Cristina Cifuentes, the government’s delegate in Madrid, said last week that the National Police force had no jurisdiction to control the crowds at Madrid Arena. Cifuentes said that she sent a document to Madrid Mayor Ana Botella clarifying the police’s role that night, which was to check the organizer’s permits to ensure they were in order and verify that the doors and entrances at the venue were in proper order.

“The delegation sent the document to the Madrid mayor’s office with the sole purpose of contributing to the inquiry that is being undertaken by an investigative committee. We want the committee to have a clear picture of what happened,” she said. Meanwhile, the opposition Socialists on the committee have demanded that both Cifuentes and Botella be called to testify for the panel.

María says that in the days that followed she suffered from headaches and from painful bruising all over her body. Aaron, 22, says that he spent 10 minutes trapped under a mass of humanity. “It was terrible, I couldn’t move. My girlfriend was trying to get me out, but everybody was jammed together. She was crying. Finally, they broke open one of the doors and we were able to pick ourselves up and get out into the open.”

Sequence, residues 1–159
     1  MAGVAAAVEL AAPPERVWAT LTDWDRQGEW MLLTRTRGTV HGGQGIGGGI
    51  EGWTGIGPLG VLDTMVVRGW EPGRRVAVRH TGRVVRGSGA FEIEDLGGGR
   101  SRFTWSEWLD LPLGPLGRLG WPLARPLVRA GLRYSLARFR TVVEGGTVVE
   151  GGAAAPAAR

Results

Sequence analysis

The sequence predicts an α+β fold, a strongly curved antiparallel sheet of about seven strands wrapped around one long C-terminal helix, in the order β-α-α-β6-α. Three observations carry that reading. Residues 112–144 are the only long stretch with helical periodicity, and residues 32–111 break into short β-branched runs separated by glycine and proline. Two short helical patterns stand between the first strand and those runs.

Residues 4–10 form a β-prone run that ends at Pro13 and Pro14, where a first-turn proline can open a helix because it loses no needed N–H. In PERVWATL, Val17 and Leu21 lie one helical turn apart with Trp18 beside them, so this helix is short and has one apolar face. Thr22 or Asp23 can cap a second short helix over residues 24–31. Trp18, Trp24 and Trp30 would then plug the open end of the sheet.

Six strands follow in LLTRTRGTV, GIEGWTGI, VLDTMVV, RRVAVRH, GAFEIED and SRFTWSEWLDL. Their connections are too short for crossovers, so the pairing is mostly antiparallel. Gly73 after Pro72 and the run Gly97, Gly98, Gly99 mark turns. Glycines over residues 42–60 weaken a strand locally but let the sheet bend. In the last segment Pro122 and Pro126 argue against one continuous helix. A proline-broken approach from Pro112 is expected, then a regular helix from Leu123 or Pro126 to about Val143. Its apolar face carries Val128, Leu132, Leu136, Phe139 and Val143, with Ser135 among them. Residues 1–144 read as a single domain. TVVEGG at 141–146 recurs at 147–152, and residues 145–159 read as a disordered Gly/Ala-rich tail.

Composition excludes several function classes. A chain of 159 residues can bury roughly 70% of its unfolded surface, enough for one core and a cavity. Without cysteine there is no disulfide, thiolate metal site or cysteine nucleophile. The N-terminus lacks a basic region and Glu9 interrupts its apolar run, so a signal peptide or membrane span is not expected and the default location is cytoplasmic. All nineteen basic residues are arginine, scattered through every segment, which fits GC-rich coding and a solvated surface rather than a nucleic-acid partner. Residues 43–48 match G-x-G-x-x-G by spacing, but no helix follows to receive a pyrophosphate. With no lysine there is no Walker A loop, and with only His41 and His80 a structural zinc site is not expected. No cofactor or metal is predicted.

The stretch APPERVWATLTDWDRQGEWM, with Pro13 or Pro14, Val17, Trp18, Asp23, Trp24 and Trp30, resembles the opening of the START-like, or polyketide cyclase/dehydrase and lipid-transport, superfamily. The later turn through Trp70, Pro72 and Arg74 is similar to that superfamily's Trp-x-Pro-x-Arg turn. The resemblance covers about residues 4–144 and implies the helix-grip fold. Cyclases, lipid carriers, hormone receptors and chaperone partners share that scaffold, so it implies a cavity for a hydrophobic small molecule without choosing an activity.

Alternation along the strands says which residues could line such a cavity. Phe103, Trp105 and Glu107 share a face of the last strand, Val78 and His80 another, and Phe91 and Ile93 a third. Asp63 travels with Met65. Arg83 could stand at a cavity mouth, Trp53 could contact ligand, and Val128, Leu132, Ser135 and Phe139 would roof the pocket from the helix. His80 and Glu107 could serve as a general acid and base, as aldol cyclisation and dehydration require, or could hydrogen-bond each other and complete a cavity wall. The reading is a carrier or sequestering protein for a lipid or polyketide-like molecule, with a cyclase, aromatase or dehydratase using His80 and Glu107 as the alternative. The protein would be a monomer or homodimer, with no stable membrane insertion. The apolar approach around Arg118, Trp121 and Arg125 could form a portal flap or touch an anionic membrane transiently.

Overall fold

Once María had managed to free herself, she began looking for her boyfriend, who was trapped further back in the tunnel. She had been pushed forward and separated from him by the surge of people trying to get out, while he had slipped and fallen, soon to be trampled on and squashed as others fell over him. But security guards refused to allow her back in. Eventually she managed to get back to the dance floor, which by then had been cleared, but there was no sign of him.